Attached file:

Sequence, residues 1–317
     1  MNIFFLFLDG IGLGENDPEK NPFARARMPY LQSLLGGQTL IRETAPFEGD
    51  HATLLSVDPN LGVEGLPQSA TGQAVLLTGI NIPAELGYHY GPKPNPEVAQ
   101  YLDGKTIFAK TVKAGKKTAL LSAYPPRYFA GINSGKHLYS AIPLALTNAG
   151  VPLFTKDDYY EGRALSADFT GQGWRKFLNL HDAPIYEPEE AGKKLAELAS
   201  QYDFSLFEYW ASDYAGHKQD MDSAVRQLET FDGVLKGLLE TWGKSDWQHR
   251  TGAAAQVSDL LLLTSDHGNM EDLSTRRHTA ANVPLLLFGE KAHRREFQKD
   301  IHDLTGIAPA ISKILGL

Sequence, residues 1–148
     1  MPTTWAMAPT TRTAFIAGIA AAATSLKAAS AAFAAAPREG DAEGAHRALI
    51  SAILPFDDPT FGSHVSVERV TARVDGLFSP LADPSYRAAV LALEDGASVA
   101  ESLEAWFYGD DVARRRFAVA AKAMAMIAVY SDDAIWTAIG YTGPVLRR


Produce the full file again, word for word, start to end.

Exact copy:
Sequence, residues 1–317
     1  MNIFFLFLDG IGLGENDPEK NPFARARMPY LQSLLGGQTL IRETAPFEGD
    51  HATLLSVDPN LGVEGLPQSA TGQAVLLTGI NIPAELGYHY GPKPNPEVAQ
   101  YLDGKTIFAK TVKAGKKTAL LSAYPPRYFA GINSGKHLYS AIPLALTNAG
   151  VPLFTKDDYY EGRALSADFT GQGWRKFLNL HDAPIYEPEE AGKKLAELAS
   201  QYDFSLFEYW ASDYAGHKQD MDSAVRQLET FDGVLKGLLE TWGKSDWQHR
   251  TGAAAQVSDL LLLTSDHGNM EDLSTRRHTA ANVPLLLFGE KAHRREFQKD
   301  IHDLTGIAPA ISKILGL

Sequence, residues 1–148
     1  MPTTWAMAPT TRTAFIAGIA AAATSLKAAS AAFAAAPREG DAEGAHRALI
    51  SAILPFDDPT FGSHVSVERV TARVDGLFSP LADPSYRAAV LALEDGASVA
   101  ESLEAWFYGD DVARRRFAVA AKAMAMIAVY SDDAIWTAIG YTGPVLRR